The United States and the UK both face challenges in maximizing the benefit of dollars and pounds spent on healthcare. In both countries, wasteful spending on medical tests and procedures are common.
In 2017 the UK spent around the median for Organisation for Economic Co-operation and Development (OECD) member countries on governance and financing costs for healthcare (Figure 2). This is below the average for tax-based health systems.
As the world works towards universal health coverage, there are many questions about how best to provide affordable and quality healthcare. This report examines the health systems of England and Taiwan, both countries that are able to offer universal coverage, as well as the United States, which struggles with providing affordable care to all its citizens. This analysis will also consider the democratic structure of these three nations, evaluating their ability to promote civic engagement and the health system’s effectiveness in the context of a democracy.
In the UK, four-fifths of its healthcare costs are paid for through public revenues, which mainly come from taxation. This is one of the highest shares of public funding for healthcare among Organisation for Economic Co-operation and Development (OECD) countries with comparable data. This is due to governance and financing costs associated with a predominantly insurance-based healthcare model.
The United States is one of the few countries that still rely primarily on private insurance to fund healthcare. As a result, the US has high costs associated with governance and financing. This includes spending on procurement, contracts and provider negotiations.
This spending can also be attributed to the litigious nature of health care in the US and the scrutiny that is placed on providers by regulatory bodies. Nevertheless, the US still underperforms other industrialized nations on measures of access and equity for those with low income.
In contrast, the UK’s NHS operates a social insurance scheme that is funded through public revenues, largely taxation. The UK has one of the highest shares of publicly funded healthcare in the OECD, which is similar to other Nordic countries and Japan. The NHS also performs well on objective measures. This raises the question: Why does the US show less interest in learning from Britain’s experience? Is it a reflection of American insularity or British credulity?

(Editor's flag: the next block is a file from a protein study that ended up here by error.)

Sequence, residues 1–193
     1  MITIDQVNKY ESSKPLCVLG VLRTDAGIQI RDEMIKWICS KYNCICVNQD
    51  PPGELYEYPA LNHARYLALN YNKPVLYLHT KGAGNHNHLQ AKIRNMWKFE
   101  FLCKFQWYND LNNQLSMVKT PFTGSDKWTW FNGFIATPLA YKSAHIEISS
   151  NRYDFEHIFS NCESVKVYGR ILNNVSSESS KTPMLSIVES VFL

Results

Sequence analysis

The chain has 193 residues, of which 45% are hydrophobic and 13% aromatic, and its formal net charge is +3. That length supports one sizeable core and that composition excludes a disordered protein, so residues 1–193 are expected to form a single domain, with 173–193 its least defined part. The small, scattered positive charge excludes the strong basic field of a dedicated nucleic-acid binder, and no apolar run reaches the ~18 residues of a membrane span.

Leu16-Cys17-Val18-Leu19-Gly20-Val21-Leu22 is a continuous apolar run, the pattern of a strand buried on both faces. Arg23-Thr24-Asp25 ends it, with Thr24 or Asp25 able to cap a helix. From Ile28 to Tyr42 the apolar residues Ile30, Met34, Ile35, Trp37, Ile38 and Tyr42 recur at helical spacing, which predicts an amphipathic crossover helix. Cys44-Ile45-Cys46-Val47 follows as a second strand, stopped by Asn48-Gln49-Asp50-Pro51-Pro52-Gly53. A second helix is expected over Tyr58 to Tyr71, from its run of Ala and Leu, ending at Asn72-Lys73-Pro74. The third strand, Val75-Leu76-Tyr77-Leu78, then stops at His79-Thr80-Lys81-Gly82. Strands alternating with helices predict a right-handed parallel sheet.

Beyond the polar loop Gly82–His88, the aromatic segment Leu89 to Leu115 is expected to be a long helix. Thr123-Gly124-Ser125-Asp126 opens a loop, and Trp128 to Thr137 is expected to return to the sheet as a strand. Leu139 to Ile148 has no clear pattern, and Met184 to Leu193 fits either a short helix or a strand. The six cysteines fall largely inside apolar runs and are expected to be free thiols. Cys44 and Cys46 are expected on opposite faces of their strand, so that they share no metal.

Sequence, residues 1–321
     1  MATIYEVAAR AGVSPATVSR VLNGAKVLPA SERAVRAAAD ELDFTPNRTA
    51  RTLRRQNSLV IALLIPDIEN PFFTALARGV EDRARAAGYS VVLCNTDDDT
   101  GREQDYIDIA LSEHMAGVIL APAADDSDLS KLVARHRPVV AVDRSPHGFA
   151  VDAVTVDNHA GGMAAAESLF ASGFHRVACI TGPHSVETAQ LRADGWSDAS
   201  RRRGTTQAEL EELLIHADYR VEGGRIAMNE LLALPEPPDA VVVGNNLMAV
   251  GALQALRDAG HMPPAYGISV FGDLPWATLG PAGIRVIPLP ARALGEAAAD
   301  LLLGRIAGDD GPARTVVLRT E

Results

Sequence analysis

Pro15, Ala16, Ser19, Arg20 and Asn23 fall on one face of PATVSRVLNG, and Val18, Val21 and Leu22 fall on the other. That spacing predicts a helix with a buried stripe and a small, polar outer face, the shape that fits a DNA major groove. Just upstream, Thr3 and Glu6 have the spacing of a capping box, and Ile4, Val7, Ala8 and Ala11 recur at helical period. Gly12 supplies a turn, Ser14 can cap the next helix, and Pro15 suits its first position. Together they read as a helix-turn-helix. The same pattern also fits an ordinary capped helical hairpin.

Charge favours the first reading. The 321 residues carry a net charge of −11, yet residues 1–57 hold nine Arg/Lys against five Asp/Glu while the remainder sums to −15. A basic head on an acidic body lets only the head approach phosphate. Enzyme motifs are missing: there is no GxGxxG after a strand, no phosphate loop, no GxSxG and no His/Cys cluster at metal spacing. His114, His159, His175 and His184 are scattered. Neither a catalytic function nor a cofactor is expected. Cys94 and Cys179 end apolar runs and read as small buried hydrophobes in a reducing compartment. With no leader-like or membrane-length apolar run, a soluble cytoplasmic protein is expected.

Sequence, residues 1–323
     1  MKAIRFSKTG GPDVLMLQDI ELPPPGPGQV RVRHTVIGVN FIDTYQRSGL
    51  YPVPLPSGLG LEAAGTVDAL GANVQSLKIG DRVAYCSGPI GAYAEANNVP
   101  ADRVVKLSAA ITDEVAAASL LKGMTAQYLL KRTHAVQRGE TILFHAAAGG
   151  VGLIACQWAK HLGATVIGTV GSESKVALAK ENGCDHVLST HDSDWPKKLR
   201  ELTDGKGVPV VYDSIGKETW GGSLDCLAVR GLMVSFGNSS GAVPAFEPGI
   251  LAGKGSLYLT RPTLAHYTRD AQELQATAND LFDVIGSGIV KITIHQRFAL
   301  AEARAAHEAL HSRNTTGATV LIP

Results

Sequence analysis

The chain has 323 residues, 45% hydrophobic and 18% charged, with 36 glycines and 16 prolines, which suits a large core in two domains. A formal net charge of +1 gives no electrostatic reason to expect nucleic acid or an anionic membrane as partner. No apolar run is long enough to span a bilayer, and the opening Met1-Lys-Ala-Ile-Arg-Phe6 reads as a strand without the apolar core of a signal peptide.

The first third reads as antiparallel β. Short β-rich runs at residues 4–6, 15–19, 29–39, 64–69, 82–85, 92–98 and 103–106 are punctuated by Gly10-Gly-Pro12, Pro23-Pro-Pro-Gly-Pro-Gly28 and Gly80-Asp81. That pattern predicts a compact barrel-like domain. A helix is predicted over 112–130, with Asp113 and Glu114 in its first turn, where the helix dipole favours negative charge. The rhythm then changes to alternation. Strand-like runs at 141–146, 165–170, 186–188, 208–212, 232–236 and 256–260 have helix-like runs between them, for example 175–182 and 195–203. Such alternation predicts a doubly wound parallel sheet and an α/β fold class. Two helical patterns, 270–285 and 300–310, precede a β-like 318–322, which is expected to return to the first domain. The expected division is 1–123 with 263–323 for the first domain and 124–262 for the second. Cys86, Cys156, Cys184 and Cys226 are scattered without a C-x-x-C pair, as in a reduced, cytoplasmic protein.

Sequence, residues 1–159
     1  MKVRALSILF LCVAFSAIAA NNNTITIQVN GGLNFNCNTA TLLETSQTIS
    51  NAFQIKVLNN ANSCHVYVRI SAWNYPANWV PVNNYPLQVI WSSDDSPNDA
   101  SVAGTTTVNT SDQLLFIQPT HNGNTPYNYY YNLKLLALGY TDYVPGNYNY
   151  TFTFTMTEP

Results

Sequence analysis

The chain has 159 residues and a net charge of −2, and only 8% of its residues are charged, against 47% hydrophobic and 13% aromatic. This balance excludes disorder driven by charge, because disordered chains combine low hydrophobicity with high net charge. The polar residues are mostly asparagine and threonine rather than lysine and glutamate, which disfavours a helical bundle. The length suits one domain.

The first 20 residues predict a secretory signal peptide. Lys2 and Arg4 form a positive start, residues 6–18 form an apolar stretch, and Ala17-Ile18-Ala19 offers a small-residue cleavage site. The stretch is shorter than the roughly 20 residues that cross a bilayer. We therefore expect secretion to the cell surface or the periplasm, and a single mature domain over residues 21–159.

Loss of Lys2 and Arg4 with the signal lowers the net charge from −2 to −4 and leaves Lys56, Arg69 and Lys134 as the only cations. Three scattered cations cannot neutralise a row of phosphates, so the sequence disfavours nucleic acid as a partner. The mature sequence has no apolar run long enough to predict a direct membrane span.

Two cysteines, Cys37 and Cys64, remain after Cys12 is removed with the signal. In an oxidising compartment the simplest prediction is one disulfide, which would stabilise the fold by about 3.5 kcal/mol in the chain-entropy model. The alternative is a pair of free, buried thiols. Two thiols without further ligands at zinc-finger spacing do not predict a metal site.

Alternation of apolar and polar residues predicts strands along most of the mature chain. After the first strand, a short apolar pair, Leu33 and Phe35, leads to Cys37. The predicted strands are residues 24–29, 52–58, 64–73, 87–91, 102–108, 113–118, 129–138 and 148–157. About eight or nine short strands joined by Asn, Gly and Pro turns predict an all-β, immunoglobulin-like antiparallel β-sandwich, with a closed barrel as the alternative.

The US and UK healthcare systems differ in many ways. The UK uses a socialized system where the government both provides insurance and operates the hospitals. It also allows patients to opt for supplemental private insurance. This approach is similar to the Bismarck model, which is used in countries such as France and Germany.
While it is true that the NHS costs half as much as the US system, it is important to compare like for like. The US system does not include private patient cost sharing, while the UK system does. In addition, private patients must pay a copayment for some services.
Despite this, the UK’s healthcare system is a lot better than that of the USA. Its doctors are highly qualified and offer a wide range of treatment options. They also provide a good level of care, and the government’s insurance schemes are well-designed to avoid cost overruns. Furthermore, the UK has one of the highest life expectancies in Europe, despite spending only a tenth of the US’s GDP on healthcare.
There is a growing concern about the level of healthcare spending in many countries and whether this money is being well spent. In the United States, there is a great deal of waste associated with the high prices for healthcare services and the overuse of tests and procedures. In contrast, the UK spends less per-capita and provides a universal system of healthcare that is accessible to all citizens.
The UK’s national health service is a public single-payer system that operates as a socialized healthcare model. This model uses government revenues to finance healthcare and provides a high level of coverage for all citizens. This is in stark contrast to the US, which operates a private insurance-driven healthcare system.
Both the United States and the United Kingdom are working to reduce wasteful spending. This is done through increased monitoring of the costs of healthcare and the adoption of Choosing Wisely recommendations that help reduce unnecessary testing and procedures.